Sir: As a GP my number of patients is finite but their illness is not. Jeremy Laurance (Opinion, 8 September) writes: "Common sense tells you ... that if more patients are booking ahead there will be fewer wanting to book on the day and vice versa." This over-simplification is one of the causes of frustration with the 48-hour target. In fact, when early appointments are plentiful, patients attend with more minor symptoms.

In some cases these are minor illnesses which could be managed without seeing a doctor. In other cases they are the very beginning of an illness that may become significant, but another appointment is needed to confirm the diagnosis. Neither situation results in saving an appointment that could then be used by someone else.



The influence of Locke's writing

Sir: Any list of the most influential books should include Locke's Two Treatises of Government ("Sex, maths and a spinning machine: the 12 British books that changed the world", 8 September). Locke's repudiation of the divine right of kings and his belief in government by consent were controversial ideas in the late seventeenth century.

Important too was his doctrine of the natural rights of man, summed up as the right to life, liberty and property. For Locke, no ruler could legitimately govern if those fundamental rights were taken away from those who were governed. These ideas influenced revolutionaries in France and America and his thinking about liberty foreshadowed the Universal Declaration on Human Rights.



Teenagers jived in the fifties

Sir: I was interested to read Janet Street-Porter's article on ageism (Opinion 8 September). However, I wish she wouldn't try to perpetuate the myth that the babies born post-World War 2 became the first teenagers. The first teenagers were, in fact, the bobby-soxers of 1940s America and the first in England were in the 1950s when I was a teenager. We had our own music, rock'n'roll, and Elvis was king.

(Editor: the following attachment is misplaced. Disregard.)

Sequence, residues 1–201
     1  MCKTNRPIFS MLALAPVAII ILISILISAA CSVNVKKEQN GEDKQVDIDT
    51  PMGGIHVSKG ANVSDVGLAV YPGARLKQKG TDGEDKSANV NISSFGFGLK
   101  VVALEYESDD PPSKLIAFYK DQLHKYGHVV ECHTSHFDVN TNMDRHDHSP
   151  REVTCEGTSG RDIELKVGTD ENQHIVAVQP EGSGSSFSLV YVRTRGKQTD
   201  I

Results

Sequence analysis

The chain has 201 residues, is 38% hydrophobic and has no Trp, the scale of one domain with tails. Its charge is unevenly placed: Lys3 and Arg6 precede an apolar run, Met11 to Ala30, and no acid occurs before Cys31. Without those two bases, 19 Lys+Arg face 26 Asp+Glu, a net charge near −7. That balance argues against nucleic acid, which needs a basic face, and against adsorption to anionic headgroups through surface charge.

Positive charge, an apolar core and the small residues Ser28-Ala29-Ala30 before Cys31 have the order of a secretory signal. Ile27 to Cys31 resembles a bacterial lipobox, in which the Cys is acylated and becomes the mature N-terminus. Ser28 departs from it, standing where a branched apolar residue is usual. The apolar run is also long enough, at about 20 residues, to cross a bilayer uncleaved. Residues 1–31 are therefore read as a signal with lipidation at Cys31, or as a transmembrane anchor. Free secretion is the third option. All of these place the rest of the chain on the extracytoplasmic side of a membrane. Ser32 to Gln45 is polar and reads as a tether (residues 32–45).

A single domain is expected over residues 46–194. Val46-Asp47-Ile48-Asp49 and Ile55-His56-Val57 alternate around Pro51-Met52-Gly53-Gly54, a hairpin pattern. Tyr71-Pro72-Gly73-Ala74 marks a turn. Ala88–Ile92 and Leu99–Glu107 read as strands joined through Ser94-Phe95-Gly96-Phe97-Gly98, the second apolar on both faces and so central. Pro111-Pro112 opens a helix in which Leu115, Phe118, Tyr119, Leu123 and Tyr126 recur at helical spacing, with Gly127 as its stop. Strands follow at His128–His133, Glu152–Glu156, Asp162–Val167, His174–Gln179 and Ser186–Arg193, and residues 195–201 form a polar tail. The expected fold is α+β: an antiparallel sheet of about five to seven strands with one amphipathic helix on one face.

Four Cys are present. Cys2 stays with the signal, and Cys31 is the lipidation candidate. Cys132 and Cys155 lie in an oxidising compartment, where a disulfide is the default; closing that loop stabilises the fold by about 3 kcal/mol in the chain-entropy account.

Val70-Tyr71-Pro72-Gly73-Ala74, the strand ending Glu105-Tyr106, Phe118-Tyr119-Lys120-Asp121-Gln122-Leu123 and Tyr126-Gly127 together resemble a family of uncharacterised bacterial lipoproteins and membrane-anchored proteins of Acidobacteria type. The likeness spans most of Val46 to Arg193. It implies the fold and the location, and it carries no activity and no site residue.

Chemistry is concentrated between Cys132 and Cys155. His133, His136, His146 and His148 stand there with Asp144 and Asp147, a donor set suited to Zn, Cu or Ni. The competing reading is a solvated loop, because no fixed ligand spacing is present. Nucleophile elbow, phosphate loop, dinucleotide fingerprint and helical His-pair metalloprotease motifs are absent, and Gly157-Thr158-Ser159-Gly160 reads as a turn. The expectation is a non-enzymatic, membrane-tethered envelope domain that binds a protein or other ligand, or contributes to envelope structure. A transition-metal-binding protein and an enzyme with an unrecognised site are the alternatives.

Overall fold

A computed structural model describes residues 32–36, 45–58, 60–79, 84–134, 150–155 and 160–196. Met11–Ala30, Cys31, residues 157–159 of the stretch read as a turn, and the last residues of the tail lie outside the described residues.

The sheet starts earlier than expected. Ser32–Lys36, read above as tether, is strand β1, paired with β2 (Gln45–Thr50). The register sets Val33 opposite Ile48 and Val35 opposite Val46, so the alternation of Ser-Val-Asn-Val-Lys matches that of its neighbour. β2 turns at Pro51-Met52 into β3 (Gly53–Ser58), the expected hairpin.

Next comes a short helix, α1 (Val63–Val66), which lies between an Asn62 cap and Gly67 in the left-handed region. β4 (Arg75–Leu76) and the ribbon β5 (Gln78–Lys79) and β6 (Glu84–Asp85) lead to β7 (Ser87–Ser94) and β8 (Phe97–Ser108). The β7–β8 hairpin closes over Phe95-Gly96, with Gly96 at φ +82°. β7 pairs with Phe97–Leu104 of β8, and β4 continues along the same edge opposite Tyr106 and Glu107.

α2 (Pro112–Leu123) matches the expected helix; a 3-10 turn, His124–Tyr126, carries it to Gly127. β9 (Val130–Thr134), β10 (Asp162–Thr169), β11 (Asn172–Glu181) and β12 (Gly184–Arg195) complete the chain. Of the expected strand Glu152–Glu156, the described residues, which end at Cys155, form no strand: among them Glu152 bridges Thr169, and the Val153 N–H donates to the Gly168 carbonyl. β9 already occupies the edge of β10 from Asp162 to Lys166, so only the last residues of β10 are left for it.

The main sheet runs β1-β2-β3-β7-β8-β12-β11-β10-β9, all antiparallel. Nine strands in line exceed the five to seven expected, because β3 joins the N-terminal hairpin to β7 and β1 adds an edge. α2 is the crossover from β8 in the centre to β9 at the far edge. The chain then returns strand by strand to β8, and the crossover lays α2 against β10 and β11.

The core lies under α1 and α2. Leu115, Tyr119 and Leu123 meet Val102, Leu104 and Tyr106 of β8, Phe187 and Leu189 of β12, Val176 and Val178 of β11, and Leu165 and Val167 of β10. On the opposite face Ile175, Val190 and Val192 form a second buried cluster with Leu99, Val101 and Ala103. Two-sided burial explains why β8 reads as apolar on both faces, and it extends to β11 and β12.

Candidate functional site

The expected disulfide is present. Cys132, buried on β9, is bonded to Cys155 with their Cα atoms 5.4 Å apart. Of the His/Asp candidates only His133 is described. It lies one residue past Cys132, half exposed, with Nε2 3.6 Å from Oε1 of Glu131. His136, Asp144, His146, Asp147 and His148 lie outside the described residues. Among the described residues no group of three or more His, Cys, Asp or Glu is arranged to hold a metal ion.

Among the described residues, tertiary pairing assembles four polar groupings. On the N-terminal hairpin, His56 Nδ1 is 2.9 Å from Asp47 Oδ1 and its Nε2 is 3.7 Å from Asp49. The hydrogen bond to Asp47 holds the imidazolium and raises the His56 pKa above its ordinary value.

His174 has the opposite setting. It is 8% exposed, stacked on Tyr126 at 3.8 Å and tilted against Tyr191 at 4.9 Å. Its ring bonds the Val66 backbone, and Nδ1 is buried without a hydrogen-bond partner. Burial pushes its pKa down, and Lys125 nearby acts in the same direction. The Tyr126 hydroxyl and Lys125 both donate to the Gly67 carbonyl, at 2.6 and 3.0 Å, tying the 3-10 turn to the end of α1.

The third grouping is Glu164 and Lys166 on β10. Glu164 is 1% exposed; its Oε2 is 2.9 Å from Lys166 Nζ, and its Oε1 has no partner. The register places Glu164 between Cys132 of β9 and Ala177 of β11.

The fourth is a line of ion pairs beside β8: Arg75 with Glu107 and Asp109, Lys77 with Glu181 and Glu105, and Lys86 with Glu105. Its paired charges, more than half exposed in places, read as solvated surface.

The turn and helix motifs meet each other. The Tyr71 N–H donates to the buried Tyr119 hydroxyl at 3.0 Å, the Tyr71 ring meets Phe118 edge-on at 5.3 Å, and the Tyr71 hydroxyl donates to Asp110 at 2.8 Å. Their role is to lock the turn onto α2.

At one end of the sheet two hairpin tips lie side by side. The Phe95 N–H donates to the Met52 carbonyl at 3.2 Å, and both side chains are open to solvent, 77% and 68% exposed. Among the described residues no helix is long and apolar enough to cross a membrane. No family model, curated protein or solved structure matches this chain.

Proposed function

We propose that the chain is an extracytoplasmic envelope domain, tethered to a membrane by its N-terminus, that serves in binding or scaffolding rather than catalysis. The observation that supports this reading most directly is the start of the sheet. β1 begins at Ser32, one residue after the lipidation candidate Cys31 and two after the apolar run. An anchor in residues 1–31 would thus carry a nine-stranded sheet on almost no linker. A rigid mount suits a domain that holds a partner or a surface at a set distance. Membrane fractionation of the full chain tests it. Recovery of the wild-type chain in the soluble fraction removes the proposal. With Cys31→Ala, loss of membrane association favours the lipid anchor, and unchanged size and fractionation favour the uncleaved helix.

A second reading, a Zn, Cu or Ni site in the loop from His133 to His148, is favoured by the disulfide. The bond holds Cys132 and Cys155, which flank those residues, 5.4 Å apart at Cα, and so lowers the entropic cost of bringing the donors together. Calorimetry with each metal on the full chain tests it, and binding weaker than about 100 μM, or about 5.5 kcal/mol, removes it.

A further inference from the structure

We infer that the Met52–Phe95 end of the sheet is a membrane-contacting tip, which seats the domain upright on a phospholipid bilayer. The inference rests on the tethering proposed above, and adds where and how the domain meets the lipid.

Teen girls wore many-layered petticoats and jived to the new music. Fashions for teen boys were teddy boy suits. The hairstyle was the DA for boys while the girls copied Gina Lollobrigida's. Finally, instead of binge drinking, the teenagers of the 1950s had coffee bars.



Invasion of privacy

Sir: What is the difference between Charles Clarke's plan to keep all our email and mobile phone records and opening and photocopying all our letters? Would he even suggest that? Why are we willing to countenance allowing our privacy to be invaded in this way?



Sanctions on Iraq

Sir: Don't let the current humiliation of the UN over oil-for-food finances distract the world from the basic cruelty, evil and crass stupidity of those leading the economic sanctions. The USA and UK alone insisted on their continuation after 1996. There must be an investigation into what the sanctions did for the people of Iraq. The UN failures are a distraction and a side issue. Who is really guilty of the killing and harming millions of innocent Iraqis? Put them in court.



Duped into a war

Sir: M B Ahmed (letter, 10 September) is clearly under the delusion that Britain joined the war in Iraq to help the Iraqis. The sad truth, however, which must never be forgotten, is that our members of parliament were duped into voting for an illegal war in which countless thousands of Iraqi civilians and conscripts were killed (and are still being killed) in order to help the warmongering Bush administration pursue its own imperialistic ends.



Sir: I was alarmed to read in Saturday's edition of The Independent that Bush links September 11 to the challenge posed by Katrina. Has he not been told yet that Katrina is not an Islamic country?



Science meets art

Sir: N T Shepherd's letter (8 September) raises the question of the fine line drawn between the science and engineering disciplines in the space field. In my own experience this has been a very blurred line with some scientists preferring to act as engineers and some engineers delving into the science. In general it is expected that one is academic and the other practical but space exploration is not that simple. Indeed, some space applications could be referred to as an art. Artists certainly use engineering for techniques and and subject material, as far back as Turner. Perhaps a revision of the social labels is necessary.



A hungry hound

Sir: Robert Paterson (letter, 10 September) was lucky with his Cairn terrier's understanding of human vocabulary. I collected a scraggy Border terrier-cross from Battersea Dogs' and Cats' Home in April, and Muffin believes that every word I utter relates to food. "No!" and "Out!" have only one meaning for him. Even "walkies" sends him flying to the door - of the fridge. So he's filled out nicely.